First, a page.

In June 2019, Xander Hurley walked across the stage, a proud graduate of Seattle Colleges and a survivor of homelessness, discrimination, self-hate, and rejection.
A solid start and then…
Originally from Georgia, Xander was born into a family of doctors, lawyers, and entrepreneurs who believed in and honored higher education. He followed the same path, graduating in the top 10 percent of his high school class and then enrolling in North Carolina A&T State University, a historically Black college in Greensboro. For three semesters there, he studied mechanical engineering on an academic honors scholarship with the intent on designing the technological intricacies that make vehicles modern.
As part of the honors scholarship, Xander had to maintain a 3.5 grade point average. One class proved to be an unsurmountable barrier: swimming. “I got a B in a swimming class and earned a 3.4 my last semester,” Xander said. “I could pass the swimming tests, but I didn’t go to class and fully lost my scholarship.”
“I put on a swimsuit, stood in front of my dorm room mirror and said, ‘nope,’” Hurley said. “I mentally could not put myself in the pool, in front of my peers. I wore swim trunks and a bikini top. I am transgender, but was not out. I didn’t have the medical support to start my transition earlier, to acknowledge myself and let others know who I am.”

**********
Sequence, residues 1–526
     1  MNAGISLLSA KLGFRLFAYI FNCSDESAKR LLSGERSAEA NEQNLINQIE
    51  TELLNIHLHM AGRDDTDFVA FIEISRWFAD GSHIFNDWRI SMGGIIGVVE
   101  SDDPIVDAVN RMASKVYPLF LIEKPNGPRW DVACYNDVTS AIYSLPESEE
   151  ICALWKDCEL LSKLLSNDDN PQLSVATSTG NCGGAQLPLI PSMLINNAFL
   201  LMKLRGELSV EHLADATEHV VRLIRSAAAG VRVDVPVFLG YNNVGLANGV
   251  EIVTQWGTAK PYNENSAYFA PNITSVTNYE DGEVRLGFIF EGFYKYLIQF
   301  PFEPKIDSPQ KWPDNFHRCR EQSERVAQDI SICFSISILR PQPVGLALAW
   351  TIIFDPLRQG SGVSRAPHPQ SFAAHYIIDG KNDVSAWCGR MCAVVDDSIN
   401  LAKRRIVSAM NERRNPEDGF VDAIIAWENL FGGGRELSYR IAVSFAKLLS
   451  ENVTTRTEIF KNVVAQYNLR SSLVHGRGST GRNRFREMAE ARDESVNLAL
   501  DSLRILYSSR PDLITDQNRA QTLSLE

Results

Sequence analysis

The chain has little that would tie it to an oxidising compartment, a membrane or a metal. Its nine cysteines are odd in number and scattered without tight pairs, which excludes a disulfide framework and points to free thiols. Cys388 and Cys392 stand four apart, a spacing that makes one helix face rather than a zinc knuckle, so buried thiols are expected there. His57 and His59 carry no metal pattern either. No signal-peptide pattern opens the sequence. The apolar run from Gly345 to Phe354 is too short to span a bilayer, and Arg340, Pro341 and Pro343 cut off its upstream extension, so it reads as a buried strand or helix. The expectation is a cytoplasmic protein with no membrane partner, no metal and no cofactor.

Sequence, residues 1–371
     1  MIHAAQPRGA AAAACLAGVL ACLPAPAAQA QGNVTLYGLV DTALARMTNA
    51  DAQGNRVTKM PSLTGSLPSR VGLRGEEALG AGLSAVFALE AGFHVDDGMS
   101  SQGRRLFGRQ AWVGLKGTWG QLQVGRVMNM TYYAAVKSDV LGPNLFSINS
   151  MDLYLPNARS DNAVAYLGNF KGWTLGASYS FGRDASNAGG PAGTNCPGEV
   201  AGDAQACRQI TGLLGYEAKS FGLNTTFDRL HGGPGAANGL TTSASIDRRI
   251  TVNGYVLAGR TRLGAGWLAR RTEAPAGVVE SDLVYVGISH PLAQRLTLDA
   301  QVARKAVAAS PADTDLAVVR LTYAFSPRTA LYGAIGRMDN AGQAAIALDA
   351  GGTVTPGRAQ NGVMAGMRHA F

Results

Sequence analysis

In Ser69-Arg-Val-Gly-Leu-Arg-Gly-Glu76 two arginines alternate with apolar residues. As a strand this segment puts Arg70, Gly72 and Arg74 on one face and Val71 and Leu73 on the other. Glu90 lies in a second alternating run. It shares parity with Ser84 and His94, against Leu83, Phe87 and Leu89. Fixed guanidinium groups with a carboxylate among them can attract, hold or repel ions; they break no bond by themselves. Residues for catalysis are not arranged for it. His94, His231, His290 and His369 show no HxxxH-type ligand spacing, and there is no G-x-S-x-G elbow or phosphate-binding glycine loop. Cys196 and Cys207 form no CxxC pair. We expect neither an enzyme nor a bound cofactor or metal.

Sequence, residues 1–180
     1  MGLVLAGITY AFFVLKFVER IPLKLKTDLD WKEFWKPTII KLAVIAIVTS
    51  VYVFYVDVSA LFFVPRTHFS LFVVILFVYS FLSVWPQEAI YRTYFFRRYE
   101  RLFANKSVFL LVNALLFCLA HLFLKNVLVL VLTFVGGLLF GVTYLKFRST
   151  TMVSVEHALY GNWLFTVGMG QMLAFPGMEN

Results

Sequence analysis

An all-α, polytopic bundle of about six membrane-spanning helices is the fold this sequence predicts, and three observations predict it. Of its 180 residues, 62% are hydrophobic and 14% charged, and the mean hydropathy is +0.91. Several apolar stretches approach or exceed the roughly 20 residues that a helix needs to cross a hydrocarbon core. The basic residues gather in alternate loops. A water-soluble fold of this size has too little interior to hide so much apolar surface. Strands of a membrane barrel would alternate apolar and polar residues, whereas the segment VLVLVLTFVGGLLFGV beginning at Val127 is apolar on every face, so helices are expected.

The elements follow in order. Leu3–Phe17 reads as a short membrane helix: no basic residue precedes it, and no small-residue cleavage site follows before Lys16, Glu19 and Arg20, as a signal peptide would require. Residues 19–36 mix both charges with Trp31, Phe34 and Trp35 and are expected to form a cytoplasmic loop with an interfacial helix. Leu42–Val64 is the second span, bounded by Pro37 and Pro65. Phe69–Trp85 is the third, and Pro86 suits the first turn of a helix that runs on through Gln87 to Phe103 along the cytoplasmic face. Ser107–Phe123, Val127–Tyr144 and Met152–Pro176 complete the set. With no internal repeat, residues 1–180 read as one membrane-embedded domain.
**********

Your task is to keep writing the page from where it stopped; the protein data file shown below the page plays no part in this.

Dropping out and couch surfing
Because Xander lost his scholarship, he had to pay $16,000 in order to continue onto the next semester. “I was too ashamed of what I had done, so I didn’t tell my mom. I dropped out.” For the next six years, Xander delivered pizzas in Marietta, Ga., a land of exclusive country clubs, affluent retirement communities and old money. Juxtaposed against the affluence of suburban Atlanta, long-term housing on minimum wage plus tips was out of reach, despite working full time for big-box pizza chains. A self-proclaimed “modern-day hobo,” Xander slept in his car and couch surfed with family and friends as much as possible.
A second chance and a scholarship
In 2014, Xander left the east coast for good and found stability living with his uncle in Seattle. He worked temporary warehouse jobs and chose to attend Seattle Central College in 2016 and give college another try. Xander received financial support from Workforce Services and was awarded Seattle Central’s Desmond Jackson Memorial Scholarship in 2017.
The Desmond Jackson Memorial Scholarship, which honors a Seattle Central student whose life was taken in 2012, is specifically awarded to African American male students at Seattle Central. Give now to student scholarships.
“This is reinforcement, proof of who I am and the person I’m trying to be,” Xander said. “To have strangers saying ‘we see you and without knowing you, we’re proud of your life’ meant a lot.”